The following chart lists various monomers which after purification, as by vacuum distillation, may be used in preparing the desired copolymer of crosslinked acrylic material as well as the concentration ranges for such monomers in percent by weight and preferred compositions I and II in percent by weight composition.
______________________________________ Preferred Concentration Compositions %Monomer Range % I II______________________________________Ethyl Methacrylate 25-45 34 34Trifluoro Ethyl 5-25 10 10Methacrylaten-Butyl Acrylate 30-60 52 0Ethyl Acrylate 30-60 0 522-Ethyl Hexyl Acrylate 30-60 0 02-Hydroxy 4-Ethyloxy- 0-10 1.5 1.5Acryloxy Benzophenone(UV-2098)2, 5 Dimethyl-2,5 0.05-0.2 0.15 0.15Bio (2-Ethyl HydroxylDroxyl) Hexane (USP 245)Ethylene Glycol 0.5-3.0 2.5 2.5Dimethacrylate______________________________________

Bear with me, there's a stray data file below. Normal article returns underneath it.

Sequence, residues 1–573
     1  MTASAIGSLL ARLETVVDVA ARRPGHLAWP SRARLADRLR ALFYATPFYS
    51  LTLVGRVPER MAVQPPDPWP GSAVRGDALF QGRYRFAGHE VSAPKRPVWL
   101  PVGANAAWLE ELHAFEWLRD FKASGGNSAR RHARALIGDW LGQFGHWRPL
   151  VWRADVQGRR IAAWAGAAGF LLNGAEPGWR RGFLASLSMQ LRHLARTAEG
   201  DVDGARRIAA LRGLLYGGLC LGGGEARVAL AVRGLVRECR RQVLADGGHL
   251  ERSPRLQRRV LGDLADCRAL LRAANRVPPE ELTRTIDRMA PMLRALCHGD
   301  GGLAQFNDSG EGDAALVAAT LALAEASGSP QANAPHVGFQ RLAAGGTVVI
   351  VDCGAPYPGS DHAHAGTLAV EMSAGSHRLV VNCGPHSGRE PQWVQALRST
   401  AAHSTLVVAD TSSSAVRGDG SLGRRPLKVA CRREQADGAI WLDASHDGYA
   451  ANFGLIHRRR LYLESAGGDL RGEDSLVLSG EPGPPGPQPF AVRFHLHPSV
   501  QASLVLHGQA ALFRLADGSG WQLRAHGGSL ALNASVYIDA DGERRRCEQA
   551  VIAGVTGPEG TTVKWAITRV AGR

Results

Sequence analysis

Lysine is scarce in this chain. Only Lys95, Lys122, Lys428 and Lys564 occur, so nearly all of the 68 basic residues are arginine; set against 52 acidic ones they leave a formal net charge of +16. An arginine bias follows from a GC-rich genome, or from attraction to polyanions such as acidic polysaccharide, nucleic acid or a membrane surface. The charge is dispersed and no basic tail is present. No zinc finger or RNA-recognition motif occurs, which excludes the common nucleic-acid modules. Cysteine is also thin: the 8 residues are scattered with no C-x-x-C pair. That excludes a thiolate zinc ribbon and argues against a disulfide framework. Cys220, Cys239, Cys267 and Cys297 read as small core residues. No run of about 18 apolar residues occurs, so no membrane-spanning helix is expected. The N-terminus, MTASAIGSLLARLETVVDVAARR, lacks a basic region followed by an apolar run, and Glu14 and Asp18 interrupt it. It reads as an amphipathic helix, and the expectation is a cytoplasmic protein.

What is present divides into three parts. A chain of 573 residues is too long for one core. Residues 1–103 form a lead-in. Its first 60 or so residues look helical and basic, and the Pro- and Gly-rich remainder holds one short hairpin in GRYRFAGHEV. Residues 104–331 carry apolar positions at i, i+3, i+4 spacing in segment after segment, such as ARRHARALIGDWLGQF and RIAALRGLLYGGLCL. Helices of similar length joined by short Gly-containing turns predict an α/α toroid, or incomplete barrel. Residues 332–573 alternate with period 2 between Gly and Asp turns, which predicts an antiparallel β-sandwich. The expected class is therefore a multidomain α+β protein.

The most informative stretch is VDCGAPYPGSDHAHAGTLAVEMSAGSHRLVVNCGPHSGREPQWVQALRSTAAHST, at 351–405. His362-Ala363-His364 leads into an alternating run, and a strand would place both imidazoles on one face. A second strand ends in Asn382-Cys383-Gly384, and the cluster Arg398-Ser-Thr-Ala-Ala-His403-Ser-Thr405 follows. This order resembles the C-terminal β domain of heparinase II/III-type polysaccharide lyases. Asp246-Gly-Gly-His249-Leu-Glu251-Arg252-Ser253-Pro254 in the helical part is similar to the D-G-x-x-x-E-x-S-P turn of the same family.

A preferred form of the method for forming the copolymer is depicted in FIG. 7. As there represented, ethyl methacrylate is mixed with n-butyl acrylate or ethyl acrylate preferably in a weight percent concentration of 34% to 52% respectively. In addition to the methacrylate and acrylate esters of ethyl methacrylate and n-butyl acrylate or ethyl acrylate, the mixture includes 10% by weight of a fluoroacrylate functioning as a surface energy lowering agent. Such fluoroacrylates may be perfluoro octal methacrylate or more preferably trifluoroethyl methacrylate. In the mixture, the n-butyl acrylate or ethyl acrylate provides flexibility in the presence of methacrylate esters principally because of the low glass transition temperature thereof. However, the n-butyl acrylate or ethyl acrylate renders the mixture tacky or sticky. Such tackiness is minimized by the fluoroacrylate particularly trifluoroethyl methacrylate. In addition to the foregoing, and as represented in FIG. 7, the mixture includes a UV-absorber, UV-2098 and a free radical initiator, preferably USP 245, which is one in a class of aliphatic peroxides. The UV-absorber and initiator are present at 1.5 and 0.05% by weight concentrations. The combination is mixed, deareated and placed in an oven at about 60° C. for two hours. The mixture undergoes partial polymerization to form a viscous syrupy liquid when cooled to about 25° C. The viscous syrupy liquid may be stored for several days at -15° C. for subsequent mixing with a crosslinking agent and free radical initiator.